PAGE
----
Witkin found that this perceptual field independence was highly correlated with the social ability to be independent of others, the presence of a strong self-identity and with conceptual clarity. The field-independent people were more analytical in their approach to social or perceptual tasks, while the field-dependent people were more global in their approach.
Other styles of perceiving and judging have also been found. One interesting dimension, identified by Holzman and Klein, is the distinction between ‘levellers’ and ‘sharpeners’. It has been found that if people were shown a series of highly similar stimuli, with only very gradual variations in them, some people tend to ignore the variations, thus ‘leveling’ all differences from the norm, while others tend to be very sensitive to the slightest variations, thus ‘sharpening’ the existing differences.
It was found that ‘levellers’ tended also to be rather rigid in their beliefs, attitudes and social judgements. They tended not to perceive those elements of reality which ran counter to their existing beliefs, thus, seeing reality as validating the beliefs. Sharpeners, on the other hand, were more flexible, tending to notice all evidence which challenged their beliefs and assumptions, thus, having to change their beliefs to fit reality rather than misperceive reality to fit their beliefs.
The term ‘set’ refers to the factor of readiness or anticipation in a person at the time of perceiving particular objects or events. Set is the state of preparedness of the perceiver at any given moment. Knowing or expecting in advance what we may perceive can influence our perception.
This can be demonstrated by using the Fig.7.20. Show this figure to your friend and ask him to look at it carefully and tell you which alphabets they can see. Show the same figure to another friend and ask them what sort of tools they see in this figure, i. e. give one person an instructional set to see alphabets and another person an instructional set to see tools.
Exposure of the figure should be only for about a tenth of a second. Invariably, a person who has received suggestions that a particular thing is likely to be seen will actually perceive that thing. A person who is told that the figure shows certain tools will set one’s mind to seeking tool-like structures, and is unlikely to see alphabets and vice versa.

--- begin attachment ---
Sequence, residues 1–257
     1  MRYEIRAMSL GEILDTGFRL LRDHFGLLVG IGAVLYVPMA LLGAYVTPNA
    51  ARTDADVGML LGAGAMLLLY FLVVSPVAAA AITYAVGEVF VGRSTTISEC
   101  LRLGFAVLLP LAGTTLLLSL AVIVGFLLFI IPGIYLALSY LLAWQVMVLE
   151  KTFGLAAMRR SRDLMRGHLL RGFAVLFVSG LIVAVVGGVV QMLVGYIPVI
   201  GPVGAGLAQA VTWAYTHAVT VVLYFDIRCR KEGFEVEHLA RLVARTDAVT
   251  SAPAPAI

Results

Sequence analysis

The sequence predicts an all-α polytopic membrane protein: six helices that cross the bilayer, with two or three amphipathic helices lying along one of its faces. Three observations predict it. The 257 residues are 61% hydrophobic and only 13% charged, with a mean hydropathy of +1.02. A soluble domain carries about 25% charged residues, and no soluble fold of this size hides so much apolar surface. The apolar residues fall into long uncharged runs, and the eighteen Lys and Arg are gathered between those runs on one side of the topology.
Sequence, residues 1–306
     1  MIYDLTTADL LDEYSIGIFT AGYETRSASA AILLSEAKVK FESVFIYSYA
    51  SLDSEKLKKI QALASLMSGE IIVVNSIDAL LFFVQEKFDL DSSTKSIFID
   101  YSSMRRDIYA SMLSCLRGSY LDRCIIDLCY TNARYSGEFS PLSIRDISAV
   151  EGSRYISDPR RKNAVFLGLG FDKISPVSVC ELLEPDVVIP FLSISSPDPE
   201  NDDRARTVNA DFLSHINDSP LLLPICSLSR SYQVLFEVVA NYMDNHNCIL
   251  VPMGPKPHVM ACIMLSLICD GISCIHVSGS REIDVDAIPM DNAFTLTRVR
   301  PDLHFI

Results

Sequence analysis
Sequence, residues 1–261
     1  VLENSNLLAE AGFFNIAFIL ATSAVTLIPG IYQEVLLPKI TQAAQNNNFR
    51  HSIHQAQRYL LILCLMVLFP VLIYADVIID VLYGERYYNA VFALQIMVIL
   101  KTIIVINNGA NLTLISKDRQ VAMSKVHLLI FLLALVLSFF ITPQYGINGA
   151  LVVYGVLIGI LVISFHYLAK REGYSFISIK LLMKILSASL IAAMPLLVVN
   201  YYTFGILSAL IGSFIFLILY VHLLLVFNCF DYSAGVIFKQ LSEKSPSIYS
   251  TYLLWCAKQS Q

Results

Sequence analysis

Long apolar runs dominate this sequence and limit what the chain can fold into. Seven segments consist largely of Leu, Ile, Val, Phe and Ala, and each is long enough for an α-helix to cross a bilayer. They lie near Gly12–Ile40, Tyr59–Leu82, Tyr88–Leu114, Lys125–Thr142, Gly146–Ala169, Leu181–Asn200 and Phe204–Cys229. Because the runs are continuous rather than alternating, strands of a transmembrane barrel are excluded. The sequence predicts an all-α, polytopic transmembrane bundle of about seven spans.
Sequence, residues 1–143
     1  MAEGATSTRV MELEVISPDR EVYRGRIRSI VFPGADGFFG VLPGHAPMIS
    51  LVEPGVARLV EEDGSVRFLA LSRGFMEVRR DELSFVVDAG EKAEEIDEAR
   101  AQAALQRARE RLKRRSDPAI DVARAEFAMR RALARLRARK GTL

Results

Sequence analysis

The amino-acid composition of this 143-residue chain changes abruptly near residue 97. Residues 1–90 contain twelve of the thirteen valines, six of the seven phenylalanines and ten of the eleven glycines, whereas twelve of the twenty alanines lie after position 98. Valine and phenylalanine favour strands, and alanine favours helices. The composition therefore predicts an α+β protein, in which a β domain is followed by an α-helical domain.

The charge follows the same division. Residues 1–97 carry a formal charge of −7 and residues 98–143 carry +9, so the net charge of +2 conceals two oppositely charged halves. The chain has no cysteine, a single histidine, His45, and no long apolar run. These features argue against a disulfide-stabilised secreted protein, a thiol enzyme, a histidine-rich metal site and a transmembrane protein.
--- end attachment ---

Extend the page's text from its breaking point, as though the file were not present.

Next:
D. Cultural Factors:
Cultural influences play a vital part in perception. For example, members of the early tribal communities often develop different perceptual capacities compared to members who live in cities. Research studies on perception have shown that American children who live in cities could discriminate various geometrical designs and different shades of colours.
On the other hand, tribal children who live in wilderness showed a greater capacity for discrimination of different sounds and smells which appeared indistinguishable to children living in big cities. An interesting observation recorded by C.M. Tumbull in this connection was about the Bambuti pygmies of Congo who rarely venture out of the forest and are, therefore, not used to looking at far-off objects. Tumbull observed that from a distance, one of the pygmies could not recognise a herd of buffaloes.
On getting closer to the animals, he believed that they were getting magically larger in size. He was unable to grasp the fact that the buffaloes had actually remained constant in size. His eyes transmitted the same message to his brain as those of people who were brought up in other cultures. The only difference was in the way the pygmy interpreted the messages. His perception of the situation was different from Tumbull’s.
More recently, researchers like Berry, Dasen and others have found cultural differences in perceptual skills related to the field independence-dependence dimension. It was found that the more complex and ‘differentiated’ the physical and social environment in which an individual grows up, the more sophisticated and field independent is that individual likely to be- both in relation to the physical environment and the people.